Reflections on “1984” in 2017
Critics have argued that we cannot evade Shakespeare’s influence on our conception of human nature, nor Freud’s influence on our understanding of psychology, and I would suggest, as a corollary, that we cannot escape George Orwell’s influence on our notion of the political. The Orwellian ethos, manifested in works such as his final novel, “1984”, published in 1949, and the play of the same name, performed by Prime Stage Theatre, has so permeated our consciousness, that it has become—in just a few decades—foundational to our societal subconsciousness.
For Orwell, and his characters, language is consciousness. The control of language is the control of thought. “1984”, above all else, is a novel and a play about words.
Orwell was a brilliant writer, and he believed that the act of writing is ultimately a means of moral expression. You see this from his earliest efforts as a book reviewer in the 1920s (when he still wrote under his real name, Eric Blair), through his many novels, to his essays—especially the seminal “Politics and the English Language” published in 1945. As he says in this piece, “But if thought corrupts language, language can also corrupt thought.”
The theatrical version of “1984”, recently adapted by Robert Owens, Wilton E. Hall, Jr., and William A. Miles, is designed to be played on a relatively bare stage, which emphasizes the language of the characters even more. Director Richard Keitel utilizes the large, open expanse of the New Hazlett Theatre right back to its naked brick wall, which is a refreshing inversion of the novel’s cramped, squalid atmosphere.
Justin Fortunato plays Winston Smith with a robustness that is also a departure from the book’s description of this man as a “smallish, frail figure.” Fortunato has a dynamic, commodious elocution which augments both the irony, and pathos, of the totalitarian version of English called “Newspeak” that has been instituted by the government. Especially in phrases extolling Big Brother—the ominous leader whose picture is always looming above the dystopian populace like a voyeuristic deity—and in the existential mantra Winston is forced to confront, that “two and two make five.”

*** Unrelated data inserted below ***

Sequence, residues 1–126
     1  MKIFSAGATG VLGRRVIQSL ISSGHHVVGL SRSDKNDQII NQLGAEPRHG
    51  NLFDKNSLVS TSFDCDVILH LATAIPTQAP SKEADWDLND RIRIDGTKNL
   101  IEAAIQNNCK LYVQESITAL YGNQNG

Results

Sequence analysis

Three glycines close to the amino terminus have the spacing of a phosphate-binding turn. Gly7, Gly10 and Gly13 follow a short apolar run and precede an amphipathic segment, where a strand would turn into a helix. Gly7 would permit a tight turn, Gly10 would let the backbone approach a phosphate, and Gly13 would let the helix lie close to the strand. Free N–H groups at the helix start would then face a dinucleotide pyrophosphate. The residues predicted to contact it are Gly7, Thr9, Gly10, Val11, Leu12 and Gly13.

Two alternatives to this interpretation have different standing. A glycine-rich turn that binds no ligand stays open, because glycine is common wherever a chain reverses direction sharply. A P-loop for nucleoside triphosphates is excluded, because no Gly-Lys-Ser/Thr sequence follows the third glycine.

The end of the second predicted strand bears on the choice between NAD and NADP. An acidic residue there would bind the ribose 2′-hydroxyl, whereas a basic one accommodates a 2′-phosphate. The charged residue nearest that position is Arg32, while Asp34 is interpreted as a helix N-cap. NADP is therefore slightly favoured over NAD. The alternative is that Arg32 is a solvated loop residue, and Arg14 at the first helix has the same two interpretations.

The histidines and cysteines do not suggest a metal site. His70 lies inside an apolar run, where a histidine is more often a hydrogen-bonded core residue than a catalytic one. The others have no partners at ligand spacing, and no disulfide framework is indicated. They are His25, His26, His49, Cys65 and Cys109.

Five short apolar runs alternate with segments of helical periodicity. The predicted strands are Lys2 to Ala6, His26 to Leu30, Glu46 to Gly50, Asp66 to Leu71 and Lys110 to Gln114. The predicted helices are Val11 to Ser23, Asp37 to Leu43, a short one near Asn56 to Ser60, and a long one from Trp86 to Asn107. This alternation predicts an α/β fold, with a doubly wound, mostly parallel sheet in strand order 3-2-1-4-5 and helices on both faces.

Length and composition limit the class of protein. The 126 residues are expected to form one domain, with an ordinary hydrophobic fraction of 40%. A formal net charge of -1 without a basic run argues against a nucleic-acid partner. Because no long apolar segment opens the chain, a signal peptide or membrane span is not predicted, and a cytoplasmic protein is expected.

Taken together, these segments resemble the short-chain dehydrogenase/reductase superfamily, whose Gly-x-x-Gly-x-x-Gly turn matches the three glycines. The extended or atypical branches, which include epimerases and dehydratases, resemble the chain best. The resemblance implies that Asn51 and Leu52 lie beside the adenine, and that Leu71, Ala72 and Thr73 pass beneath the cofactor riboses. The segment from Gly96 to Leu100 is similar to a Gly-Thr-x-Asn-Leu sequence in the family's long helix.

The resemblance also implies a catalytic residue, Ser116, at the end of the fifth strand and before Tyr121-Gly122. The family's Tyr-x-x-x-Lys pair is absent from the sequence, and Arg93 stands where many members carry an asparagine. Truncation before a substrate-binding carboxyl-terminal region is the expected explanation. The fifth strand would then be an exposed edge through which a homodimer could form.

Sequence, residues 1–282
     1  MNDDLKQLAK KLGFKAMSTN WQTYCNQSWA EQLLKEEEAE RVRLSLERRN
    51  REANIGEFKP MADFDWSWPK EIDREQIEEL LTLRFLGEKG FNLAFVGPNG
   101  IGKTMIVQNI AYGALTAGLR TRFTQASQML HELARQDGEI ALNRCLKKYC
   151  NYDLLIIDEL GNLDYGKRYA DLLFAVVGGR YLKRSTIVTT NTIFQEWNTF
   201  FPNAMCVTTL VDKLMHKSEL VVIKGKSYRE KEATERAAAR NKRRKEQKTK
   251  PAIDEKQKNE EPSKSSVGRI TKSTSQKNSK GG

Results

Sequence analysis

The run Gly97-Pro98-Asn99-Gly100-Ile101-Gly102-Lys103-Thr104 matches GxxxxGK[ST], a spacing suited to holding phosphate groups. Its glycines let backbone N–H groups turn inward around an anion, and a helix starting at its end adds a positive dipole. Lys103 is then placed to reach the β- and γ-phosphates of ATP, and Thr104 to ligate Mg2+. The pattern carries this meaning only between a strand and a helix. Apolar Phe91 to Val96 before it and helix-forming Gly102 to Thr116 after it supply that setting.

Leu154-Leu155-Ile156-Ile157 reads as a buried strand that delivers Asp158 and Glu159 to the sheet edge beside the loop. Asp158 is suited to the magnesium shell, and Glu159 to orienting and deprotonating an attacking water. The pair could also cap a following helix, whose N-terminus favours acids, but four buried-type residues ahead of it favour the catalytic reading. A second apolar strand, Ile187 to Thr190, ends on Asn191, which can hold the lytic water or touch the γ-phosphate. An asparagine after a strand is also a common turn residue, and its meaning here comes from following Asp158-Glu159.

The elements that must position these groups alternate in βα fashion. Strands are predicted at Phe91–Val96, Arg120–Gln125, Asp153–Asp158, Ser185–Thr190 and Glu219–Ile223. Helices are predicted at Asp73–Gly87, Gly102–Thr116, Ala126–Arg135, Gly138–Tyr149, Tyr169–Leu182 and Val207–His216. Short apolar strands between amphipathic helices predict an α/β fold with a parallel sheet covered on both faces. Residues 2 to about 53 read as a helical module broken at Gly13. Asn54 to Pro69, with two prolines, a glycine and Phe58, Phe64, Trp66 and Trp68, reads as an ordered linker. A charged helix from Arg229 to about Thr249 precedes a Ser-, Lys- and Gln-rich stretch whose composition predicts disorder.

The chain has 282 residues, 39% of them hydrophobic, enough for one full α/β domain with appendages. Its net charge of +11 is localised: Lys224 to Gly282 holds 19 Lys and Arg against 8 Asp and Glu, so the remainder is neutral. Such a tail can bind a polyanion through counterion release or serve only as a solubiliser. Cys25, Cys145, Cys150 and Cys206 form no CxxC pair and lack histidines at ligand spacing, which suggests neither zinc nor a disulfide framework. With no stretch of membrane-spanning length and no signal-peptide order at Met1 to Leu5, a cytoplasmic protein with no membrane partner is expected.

He is a sad man living in a bleak world, until he connects with an attractive woman, Julia (Jessie Wray Goodman). They both work at the Ministry of Truth, where Winston’s job is to rewrite historical records so they are in line with the government’s constantly changing version of them (what today we might call “fake news”). Their courtship, hasty and compressed, is one of the few areas where the play fails the novel, but this is a minor compromise when adapting such an expansive work.
Winston and Julia come together through enormous obstacles, and the scene, when she lovingly makes him a cup of real coffee (dearly acquired amidst brutal rationing) as a metaphor for her feelings, is both tender and comic. These are souls not used to showing, let alone, experiencing passion, and watching their ritual enjoyment of something so simple is touching.
Although there is no privacy in this society, they are able to meet and make coffee—as well as love—in a shabby little apartment which they rent from the Landlady, played by Tracey D. Turner, who turns a minor role into a major statement regarding the “Proles,” and their subordinate position in this hierarchical country called Oceania. The Landlady’s apartment contains no telescreen, a device that both broadcasts party propaganda, and simultaneously monitors those who watch it. It’s basically an evil smart TV, and it’s not just extraordinary that Orwell envisioned this instrument in the late 1940s, but that he so perfectly described the mechanistic components of the totalitarian power structure, and how they would be employed, technologically, in the future. Ironically, Prime Stage Theatre performed this play the same week that WikiLeaks announced that certain government agencies were allegedly utilizing smart TVs to spy on people.